STEVIE CRECELIUS: Well, I think effectively what happened was we went home and Debbie brought this up. Because again, I wasn`t going to ever tell her, and how do you tell your kids? Well, God, dad`s really a female? So, that never entered my mind. That was never a possibility. That was not something I allowed myself to think about.

PINSKY: But eventually, you did. My question is, how did you do that? That`s incredible.

DEBBIE CRECELIUS: We did that together one at a time. Each -- each kid is different. And there`s -- there`s no her kids/my kids. There`s our kids. And each one is different. And each one there`s a way we had to tell them.

PINSKY: But, Debbie, we`re talking about this like --

DEBBIE CRECELIUS: One at a time.

PINSKY: I get that. We`re talking about this as though we`re talking about a NASA experiment or something. These are people`s lives, everybody in this family, deeply shifting because of this. If I were a dad and had to tell my children something profound about my life or who I was, it would be extraordinary. Wasn`t it emotional?

STEVIE CRECELIUS: It was incredibly emotional. And, in fact, I was usually curled up in a little ball and couldn`t even talk and usually Debbie had to talk or, I mean, it`s just an incredibly difficult thing to do. I mean, it --

PINSKY: Judge Toler, do you want to weigh in on this?

STEVIE CRECELIUS: That`s why we waited five years to tell them.

PINSKY: I get it.

JUDGE LYNN TOLER, HOST, DIVORCE COURT: Yes. I mean. Before you even got to the point of telling the children, how did your marriage survive? How did you two decide how you were going to relate to one another? Because I see marriages falling apart over, you know, facebook pressure.

PINSKY: Or toothpaste.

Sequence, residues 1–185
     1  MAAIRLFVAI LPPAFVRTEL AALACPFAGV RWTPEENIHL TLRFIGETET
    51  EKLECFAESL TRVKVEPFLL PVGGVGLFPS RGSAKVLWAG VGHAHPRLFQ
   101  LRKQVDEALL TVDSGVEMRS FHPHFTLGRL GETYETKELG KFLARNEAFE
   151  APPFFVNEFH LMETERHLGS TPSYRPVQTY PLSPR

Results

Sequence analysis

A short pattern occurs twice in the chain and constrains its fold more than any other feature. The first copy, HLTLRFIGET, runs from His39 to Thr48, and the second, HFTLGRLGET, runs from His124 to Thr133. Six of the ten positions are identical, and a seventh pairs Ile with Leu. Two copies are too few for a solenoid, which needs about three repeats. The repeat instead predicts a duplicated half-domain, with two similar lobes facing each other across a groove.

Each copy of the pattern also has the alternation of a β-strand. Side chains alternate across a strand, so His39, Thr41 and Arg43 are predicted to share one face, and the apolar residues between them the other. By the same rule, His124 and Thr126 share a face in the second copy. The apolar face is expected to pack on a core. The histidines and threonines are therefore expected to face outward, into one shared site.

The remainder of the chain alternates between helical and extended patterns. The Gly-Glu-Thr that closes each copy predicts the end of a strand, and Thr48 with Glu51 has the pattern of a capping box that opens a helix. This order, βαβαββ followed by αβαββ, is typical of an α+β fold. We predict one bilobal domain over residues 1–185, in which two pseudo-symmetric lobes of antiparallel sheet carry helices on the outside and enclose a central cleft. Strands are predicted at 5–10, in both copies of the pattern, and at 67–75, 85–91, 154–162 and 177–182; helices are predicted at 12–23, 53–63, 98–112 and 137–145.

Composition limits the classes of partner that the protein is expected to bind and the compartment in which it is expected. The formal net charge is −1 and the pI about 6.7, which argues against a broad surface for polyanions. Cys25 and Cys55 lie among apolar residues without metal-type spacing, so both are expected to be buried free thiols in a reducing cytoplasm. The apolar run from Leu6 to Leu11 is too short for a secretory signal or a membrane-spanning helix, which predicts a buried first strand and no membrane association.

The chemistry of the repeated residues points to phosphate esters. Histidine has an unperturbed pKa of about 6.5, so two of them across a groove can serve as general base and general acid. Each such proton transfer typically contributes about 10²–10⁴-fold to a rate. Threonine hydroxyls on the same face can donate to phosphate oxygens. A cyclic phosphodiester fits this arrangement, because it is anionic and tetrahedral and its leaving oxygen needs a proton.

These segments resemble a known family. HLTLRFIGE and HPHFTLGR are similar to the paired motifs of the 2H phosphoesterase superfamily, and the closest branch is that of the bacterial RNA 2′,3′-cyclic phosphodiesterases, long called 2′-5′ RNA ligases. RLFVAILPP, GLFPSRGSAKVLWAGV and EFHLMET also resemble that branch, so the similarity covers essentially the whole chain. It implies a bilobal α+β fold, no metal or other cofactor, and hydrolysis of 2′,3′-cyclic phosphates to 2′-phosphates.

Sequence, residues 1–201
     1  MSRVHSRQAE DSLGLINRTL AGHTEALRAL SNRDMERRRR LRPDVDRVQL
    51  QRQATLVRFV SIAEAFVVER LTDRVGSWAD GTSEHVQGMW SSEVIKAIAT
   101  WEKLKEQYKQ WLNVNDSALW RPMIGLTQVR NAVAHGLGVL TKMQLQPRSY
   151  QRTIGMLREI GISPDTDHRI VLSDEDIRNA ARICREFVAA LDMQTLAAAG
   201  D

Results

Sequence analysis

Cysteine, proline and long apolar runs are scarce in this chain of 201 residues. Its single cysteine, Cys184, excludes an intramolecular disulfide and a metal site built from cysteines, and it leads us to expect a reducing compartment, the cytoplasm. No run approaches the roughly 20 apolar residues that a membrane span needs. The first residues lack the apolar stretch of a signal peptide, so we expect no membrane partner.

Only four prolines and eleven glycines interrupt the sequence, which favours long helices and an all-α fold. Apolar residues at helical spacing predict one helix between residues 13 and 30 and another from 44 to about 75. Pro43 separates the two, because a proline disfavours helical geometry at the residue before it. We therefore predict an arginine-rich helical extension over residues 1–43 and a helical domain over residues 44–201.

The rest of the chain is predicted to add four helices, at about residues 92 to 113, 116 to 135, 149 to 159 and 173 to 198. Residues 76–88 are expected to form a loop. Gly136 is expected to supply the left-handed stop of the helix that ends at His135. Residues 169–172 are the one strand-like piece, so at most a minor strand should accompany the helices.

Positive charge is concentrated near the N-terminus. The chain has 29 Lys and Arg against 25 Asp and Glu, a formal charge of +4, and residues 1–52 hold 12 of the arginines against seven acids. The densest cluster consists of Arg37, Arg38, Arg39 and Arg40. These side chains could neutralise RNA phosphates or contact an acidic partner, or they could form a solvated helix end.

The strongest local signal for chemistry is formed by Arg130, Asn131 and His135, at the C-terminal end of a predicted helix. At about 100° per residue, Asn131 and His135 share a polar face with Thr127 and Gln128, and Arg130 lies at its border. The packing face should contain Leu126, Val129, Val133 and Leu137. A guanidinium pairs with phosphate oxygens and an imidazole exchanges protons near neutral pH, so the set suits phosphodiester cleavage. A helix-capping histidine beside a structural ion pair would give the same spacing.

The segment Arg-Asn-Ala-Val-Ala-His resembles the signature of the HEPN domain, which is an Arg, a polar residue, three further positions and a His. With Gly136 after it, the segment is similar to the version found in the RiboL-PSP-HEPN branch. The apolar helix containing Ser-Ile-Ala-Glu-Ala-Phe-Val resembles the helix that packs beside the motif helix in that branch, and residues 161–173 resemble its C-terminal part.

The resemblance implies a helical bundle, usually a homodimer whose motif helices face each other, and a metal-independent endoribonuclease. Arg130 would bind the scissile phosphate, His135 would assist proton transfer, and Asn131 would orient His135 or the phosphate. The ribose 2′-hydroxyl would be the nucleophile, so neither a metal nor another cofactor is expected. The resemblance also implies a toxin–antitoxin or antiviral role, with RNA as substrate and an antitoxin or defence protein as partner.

TOLER: Right, exactly. And you have survived something extraordinary. Tell me how that happened.

DEBBIE CRECELIUS: Well, we almost didn`t. You know, when we first -- when I first dug this out of Stevie and I was raised in a very Tolerant family. And what I said is, OK, we`ll go shopping. But about a year and a half into this, I started to mourn the loss of my husband. I was losing him.

PINSKY: There we go.

DEBBIE CRECELIUS: I had lost him.

PINSKY: Yes. That`s right.

DEBBIE CRECELIUS: And I -- you know, I told her, I didn`t sign on for this, I did not sign on for this.

PINSKY: But then you did.

DEBBIE CRECELIUS: And -- but then, I thought about it and I thought, OK, who in the world signs on for anything? What does till death do us part mean? It`s -- and even that was a struggle. I, you know, who signs on for cancer? Who signs on for their partner to become a paraplegic, a quadriplegic?

PINSKY: I get that. I get all that. But I have a feeling that there was that part that Stevie was pushing down, that female part, and by the way, we haven`t even defined yet what intersex is. Let me do that for people.

In all probability, Stevie, correct me if I`m wrong. Probably Stevie was a basically two what we call -- like embryos, fetuses, before they were fetuses. They come together. One has the female hormones, female chromosomes, the other is the male, and they intertwine like a conjoined twin that doesn`t ever separate. They just gets completely intermingle. Would that be right, Stevie?

STEVIE CRECELIUS: I`m not a doctor. But, intersex conditions impact as many as one and 100 people. And one in 2,000 babies are born with what`s medically termed (INAUDIBLE).

PINSKY: I understand that. I just want to get to --

STEVIE CRECELIUS: You can`t look at their --